Raising awareness and funds for refugees through photojournalism…
Whether you turn on the TV to the news channels or scroll through your Facebook feed, more often than not, there will be a segment or feature on the refugee crisis. Many are calling it the defining crisis of our generation. As people living in Hong Kong, we can often feel removed from what we see on our screens and become debilitated and unsure of what difference we can make. One expat, Alexander Treves decided to put his concerns to action. Coming from a finance background, he has had the chance to travel the world and be exposed to a variety of cultures and issues. With a passion for photography, he has created a photo book, “Glimpses Over the Edge”, that documents the plight of refugees all over the world, including Hong Kong. Find out more about his work and how you can get involved in this edition of Sassy Mama Supports.
Tell us a little bit about yourself and how you got into the world of photography and writing.
I’ve been working in finance for over 20 years, and have been lucky to have lived in Singapore, Tokyo, Mumbai and Hong Kong – as well as London, where I’m originally from. Outside the office, photography, particularly of people on the margins of society, has been a passion for several years. Increasingly, I want to go beyond documenting social issues to helping to fix them. The writing is secondary: it personalises the people in the photos, to show that they are individuals and not just statistics, to try making a connection with the reader – using names, backgrounds, stories.
How did the book come about?
The book contains photographs of refugees who were originally from a dozen countries. The photos are accompanied by an account which sets the individuals’ lives into the context of this vast global problem. The design of the book is a metaphor for the stories inside. This is not a glossy coffee table book: it is small, light, portable. The screen-printed cover is made from the corrugated cardboard used in disposable packaging, bound in lifejacket orange. Photographs travel across pages, printed on matt paper: it’s an appropriately dark document.
What inspired you to create, “Glimpses Over the Edge”?
Initially I stumbled into the cause, but the more I learned about the issues facing refugees the more I wanted to do something positive. I began building a body of photos and stories and then was able to take some time out from work and turn this into a fuller project. Every photographer wants to see their photos in a book, so I made that happen – with the intention that sales of the book could help people like those I was documenting.
I was very lucky to be introduced to the designer, Ayumi Higuchi, because she created a really compelling object, a photo book which is interesting to handle rather than something shiny that you look at once and then set aside.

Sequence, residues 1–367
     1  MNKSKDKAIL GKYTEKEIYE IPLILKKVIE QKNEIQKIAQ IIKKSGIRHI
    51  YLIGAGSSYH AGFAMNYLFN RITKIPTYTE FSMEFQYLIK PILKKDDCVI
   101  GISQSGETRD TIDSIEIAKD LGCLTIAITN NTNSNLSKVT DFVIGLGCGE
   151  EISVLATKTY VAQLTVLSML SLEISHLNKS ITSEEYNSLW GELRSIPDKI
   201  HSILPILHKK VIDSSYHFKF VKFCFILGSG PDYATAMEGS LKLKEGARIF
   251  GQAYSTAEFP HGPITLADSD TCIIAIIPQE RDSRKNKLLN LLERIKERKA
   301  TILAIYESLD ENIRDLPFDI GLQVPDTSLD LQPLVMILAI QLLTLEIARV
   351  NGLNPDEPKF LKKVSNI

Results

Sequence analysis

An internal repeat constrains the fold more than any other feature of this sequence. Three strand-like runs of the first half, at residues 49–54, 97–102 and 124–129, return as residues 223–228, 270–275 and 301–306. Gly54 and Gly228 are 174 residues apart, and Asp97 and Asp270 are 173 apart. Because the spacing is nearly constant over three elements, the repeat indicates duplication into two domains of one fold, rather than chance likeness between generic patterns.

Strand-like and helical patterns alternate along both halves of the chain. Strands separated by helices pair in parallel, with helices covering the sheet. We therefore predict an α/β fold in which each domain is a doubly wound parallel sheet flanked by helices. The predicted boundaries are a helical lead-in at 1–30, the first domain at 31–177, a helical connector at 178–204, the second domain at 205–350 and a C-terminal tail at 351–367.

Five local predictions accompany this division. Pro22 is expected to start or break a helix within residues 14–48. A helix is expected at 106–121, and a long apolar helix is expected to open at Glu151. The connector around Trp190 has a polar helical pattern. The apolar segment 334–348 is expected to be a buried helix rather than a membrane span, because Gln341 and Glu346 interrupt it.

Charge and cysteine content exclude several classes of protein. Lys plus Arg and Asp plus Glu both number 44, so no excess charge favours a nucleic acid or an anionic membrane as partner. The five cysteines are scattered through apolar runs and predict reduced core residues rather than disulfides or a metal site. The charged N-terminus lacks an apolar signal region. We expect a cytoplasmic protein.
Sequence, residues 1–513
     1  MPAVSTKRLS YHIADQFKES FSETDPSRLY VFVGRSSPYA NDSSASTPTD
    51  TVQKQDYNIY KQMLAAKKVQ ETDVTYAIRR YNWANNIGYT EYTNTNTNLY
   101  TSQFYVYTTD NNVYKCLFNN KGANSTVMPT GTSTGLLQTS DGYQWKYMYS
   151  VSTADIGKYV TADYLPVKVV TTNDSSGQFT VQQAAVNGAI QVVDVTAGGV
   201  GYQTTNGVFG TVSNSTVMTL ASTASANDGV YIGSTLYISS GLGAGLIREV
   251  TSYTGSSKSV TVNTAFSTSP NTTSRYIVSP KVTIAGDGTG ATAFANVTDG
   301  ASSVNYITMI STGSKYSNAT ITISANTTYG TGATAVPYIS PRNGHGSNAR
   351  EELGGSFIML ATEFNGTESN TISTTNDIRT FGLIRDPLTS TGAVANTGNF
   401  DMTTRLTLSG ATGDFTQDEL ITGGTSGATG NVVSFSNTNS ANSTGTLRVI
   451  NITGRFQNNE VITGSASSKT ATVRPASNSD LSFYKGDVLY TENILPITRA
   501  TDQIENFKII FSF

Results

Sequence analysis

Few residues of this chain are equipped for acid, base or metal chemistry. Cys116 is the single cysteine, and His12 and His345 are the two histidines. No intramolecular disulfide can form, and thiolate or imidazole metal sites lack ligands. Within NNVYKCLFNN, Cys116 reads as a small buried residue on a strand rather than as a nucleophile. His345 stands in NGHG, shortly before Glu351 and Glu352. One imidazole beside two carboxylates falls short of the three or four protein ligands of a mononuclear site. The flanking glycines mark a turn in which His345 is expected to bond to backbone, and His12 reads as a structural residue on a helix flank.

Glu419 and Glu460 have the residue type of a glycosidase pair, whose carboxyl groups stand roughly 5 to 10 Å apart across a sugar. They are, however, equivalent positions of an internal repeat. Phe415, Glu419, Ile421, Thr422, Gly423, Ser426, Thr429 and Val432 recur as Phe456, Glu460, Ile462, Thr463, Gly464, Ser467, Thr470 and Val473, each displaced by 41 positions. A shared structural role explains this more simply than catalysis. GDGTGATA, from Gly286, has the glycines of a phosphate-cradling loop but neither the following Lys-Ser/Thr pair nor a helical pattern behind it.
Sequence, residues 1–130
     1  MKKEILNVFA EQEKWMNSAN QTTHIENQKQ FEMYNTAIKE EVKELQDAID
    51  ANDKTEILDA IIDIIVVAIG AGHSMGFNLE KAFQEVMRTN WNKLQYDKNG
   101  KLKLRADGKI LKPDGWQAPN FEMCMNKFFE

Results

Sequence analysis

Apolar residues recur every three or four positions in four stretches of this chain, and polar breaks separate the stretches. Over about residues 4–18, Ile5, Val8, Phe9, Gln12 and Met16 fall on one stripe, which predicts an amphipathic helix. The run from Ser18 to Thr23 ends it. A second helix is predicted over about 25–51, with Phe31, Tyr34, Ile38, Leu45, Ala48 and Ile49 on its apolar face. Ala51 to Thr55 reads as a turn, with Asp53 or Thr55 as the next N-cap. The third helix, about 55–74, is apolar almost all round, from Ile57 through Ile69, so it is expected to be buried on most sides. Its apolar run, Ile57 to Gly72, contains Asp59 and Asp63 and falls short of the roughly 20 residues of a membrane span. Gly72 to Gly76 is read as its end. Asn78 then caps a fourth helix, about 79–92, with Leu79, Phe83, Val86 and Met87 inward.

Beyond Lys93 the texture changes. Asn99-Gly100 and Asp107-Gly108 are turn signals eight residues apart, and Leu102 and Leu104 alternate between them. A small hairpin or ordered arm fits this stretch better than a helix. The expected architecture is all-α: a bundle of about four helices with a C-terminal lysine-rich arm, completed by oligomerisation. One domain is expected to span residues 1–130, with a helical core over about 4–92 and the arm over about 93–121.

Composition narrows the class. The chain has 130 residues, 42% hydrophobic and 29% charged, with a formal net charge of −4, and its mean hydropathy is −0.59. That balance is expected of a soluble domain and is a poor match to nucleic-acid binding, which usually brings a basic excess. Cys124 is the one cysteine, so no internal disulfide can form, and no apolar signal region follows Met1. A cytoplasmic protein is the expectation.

How have your travels impacted the way you see the refugee crisis around the word?
The scale of the problem is staggering. I visited Zaatari in Jordan, then home to 75,000 refugees living behind barbed wire in the desert. And on the Greek island of Lesvos is a dump called The Graveyard, where there are over 300,000 lifejackets – from refugees and also economic migrants who’ve made their way across the water from Turkey. These things need to be seen to be believed.
The refugee crisis is broader than many people realise: sometimes the media suggests that this is an issue primary affecting the West but that simply isn’t true. The vast majority of refugees are housed in developing rather than developed countries.
For all the complexity of the problem, I witnessed a number of common experiences and challenges. And it really affected me that without exception, the refugees that I met in Africa, Europe, the Middle East, Asia, treated me with kindness and generosity.
What are some organisations you’ve come across that are making strides with refugees in Hong Kong specifically?
I’m on the board of Justice Centre Hong Kong, a non-profit human rights organisation working fearlessly to protect the rights of Hong Kong’s most vulnerable forced migrants: refugees, other people seeking protection, survivors of torture, human trafficking and forced labour. They do excellent work. If you’d like to make a donation or get involved in some way, click here.
If there was one thing you’d want your readers to take from your book, what would that be?
The refugee crisis is one of the defining challenges of our lifetimes: inaction simply is not an option. We can all do something to help.
How can we support your work and get our hands on a copy?
Thanks for asking! If you’d like to buy a copy of my book please contact me at [email protected]. Copies to your readers cost HK$300 each. Proceeds after publishing costs benefit another refugee charity that I support, Refugees International Japan.